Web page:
AMDA, the Society for Post-Acute and Long-Term Care Medicine, gathers annually to discuss the hot topics in long-term care, present new research and bond around the shared experiences that make work in long-term care deeply rewarding and endlessly complex.
At this year’s conference, held last month in Orlando, Dr. Mary Evans, Golden Living’s Compliance Executive Physician, among a few other roles, was elected to AMDA’s Board of Directors as representative from the State Presidents’ Council. While this is a prestigious honor, Dr. Evans is no stranger to professional service. She just relinquished a five year run as president of the Virginia chapter of AMDA and completed her second two-year term on AMDA’s Foundation Board of Directors. If that weren’t enough, she’s currently serving her fourth term on the AMDA program committee, the committee responsible for planning the conference. She’ll be the first to tell you, “I just won’t go away.”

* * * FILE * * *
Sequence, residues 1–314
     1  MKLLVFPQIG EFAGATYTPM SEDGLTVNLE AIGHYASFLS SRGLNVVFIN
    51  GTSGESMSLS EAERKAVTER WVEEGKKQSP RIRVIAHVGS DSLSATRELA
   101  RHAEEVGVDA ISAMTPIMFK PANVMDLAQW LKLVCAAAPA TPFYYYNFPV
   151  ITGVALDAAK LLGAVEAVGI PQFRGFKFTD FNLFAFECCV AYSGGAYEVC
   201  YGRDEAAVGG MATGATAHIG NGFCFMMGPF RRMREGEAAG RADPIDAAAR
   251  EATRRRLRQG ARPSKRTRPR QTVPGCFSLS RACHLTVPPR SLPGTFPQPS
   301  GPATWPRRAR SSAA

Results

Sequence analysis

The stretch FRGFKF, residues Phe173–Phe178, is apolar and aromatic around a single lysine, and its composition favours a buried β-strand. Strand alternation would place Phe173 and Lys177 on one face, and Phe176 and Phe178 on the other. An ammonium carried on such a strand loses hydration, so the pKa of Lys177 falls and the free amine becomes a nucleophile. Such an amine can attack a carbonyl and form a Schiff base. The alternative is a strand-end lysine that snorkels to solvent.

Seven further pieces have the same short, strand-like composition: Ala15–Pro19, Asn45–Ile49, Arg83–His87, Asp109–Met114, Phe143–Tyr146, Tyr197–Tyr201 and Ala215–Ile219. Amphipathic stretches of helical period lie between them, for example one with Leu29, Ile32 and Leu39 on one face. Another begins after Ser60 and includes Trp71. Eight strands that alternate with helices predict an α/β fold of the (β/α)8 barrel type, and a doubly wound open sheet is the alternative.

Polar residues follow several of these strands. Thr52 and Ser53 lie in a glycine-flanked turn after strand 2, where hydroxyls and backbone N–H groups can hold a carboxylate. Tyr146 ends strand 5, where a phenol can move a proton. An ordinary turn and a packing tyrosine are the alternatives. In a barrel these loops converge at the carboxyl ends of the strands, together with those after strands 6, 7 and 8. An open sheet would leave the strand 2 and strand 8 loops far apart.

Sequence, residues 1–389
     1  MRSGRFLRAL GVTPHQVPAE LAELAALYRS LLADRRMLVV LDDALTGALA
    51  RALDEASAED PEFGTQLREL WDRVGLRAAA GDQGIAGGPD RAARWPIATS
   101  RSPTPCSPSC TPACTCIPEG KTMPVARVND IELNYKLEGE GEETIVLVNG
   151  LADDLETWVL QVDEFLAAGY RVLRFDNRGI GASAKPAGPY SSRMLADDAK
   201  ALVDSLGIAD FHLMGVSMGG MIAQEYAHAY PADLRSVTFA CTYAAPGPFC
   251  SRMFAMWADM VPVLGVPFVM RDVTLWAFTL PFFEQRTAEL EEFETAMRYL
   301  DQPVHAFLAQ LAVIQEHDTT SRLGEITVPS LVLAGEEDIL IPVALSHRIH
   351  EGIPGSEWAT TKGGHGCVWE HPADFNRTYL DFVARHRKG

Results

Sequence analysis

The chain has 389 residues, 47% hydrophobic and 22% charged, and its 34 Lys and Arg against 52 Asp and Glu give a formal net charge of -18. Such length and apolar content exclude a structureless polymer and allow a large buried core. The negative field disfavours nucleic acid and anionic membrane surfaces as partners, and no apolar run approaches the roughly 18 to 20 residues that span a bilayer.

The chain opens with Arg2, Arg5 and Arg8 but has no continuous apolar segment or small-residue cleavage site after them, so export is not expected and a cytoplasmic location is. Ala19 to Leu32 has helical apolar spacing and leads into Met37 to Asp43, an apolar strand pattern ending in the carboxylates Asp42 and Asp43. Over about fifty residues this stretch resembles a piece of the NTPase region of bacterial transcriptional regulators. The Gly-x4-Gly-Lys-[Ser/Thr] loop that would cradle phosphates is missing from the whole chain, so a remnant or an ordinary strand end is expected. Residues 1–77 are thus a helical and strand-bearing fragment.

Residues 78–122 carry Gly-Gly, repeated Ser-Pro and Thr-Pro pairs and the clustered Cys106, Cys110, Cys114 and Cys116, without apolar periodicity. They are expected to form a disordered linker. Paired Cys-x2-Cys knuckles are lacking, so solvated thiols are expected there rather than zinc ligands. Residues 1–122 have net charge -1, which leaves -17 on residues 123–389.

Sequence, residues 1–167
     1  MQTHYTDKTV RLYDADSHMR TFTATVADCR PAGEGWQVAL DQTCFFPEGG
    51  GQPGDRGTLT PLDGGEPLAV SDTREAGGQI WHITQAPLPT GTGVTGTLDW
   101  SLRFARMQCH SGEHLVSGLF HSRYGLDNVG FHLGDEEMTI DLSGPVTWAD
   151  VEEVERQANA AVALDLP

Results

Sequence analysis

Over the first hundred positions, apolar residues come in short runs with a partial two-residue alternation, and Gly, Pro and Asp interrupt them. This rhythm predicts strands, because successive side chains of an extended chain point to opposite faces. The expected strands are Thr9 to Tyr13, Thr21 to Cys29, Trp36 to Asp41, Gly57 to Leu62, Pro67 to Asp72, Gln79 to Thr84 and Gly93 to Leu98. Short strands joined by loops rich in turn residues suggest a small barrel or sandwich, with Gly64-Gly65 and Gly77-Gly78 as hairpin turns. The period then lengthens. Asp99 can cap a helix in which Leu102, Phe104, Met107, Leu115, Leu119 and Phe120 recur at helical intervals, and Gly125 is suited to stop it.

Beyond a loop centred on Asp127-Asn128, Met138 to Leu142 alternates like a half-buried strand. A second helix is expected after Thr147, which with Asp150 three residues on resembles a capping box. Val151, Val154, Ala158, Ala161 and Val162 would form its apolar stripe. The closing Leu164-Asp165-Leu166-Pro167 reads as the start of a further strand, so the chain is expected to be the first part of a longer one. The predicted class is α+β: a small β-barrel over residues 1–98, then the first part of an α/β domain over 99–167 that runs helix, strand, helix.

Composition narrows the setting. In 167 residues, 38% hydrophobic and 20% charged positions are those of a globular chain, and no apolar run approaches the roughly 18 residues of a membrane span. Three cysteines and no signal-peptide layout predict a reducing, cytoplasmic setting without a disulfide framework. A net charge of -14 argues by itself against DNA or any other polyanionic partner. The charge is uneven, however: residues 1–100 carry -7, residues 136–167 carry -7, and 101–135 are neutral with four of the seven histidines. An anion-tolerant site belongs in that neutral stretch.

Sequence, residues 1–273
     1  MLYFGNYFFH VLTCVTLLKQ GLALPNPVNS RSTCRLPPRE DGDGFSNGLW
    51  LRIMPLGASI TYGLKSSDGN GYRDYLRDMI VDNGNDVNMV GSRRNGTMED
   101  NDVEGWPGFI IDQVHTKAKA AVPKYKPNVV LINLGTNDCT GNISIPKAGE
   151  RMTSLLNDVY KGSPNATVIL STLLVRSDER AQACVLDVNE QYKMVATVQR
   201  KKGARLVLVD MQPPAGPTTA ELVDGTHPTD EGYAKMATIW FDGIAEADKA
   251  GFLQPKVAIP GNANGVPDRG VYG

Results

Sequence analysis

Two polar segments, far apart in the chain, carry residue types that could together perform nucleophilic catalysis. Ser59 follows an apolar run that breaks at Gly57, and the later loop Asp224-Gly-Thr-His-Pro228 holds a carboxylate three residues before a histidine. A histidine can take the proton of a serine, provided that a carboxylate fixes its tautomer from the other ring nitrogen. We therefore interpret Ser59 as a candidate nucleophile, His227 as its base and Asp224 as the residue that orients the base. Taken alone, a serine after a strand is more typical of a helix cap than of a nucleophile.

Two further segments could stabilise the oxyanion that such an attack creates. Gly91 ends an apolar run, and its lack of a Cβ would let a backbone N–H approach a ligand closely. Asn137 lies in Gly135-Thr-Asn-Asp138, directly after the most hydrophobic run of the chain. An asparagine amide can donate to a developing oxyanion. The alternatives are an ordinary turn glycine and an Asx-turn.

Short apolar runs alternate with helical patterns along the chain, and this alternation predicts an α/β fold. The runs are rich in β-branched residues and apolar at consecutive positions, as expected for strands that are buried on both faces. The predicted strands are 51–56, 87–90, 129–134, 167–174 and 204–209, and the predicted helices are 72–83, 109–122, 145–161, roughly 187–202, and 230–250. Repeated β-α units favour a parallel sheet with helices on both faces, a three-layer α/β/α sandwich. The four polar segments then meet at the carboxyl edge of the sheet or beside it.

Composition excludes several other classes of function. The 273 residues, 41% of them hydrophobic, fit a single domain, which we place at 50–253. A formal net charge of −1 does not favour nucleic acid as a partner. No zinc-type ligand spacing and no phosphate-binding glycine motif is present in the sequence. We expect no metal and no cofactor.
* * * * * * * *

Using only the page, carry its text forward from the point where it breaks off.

Dr. Evans doesn’t take on these roles to pad her resume. A quick glance at her CV will paint a picture of a driven, Mayo-trained physician with an impressive list of roles and accolades. Like an impressionist painting, you must step back to see the full picture. Dr. Evans certainly is driven and has worked for every rung on the ladder, but she finds her fulfillment working collaboratively with the team – other doctors, nurses, medical directors – to reach consensus, effect change and elevate the care physicians give. “You can’t have tunnel vision in patient care,” she cautions.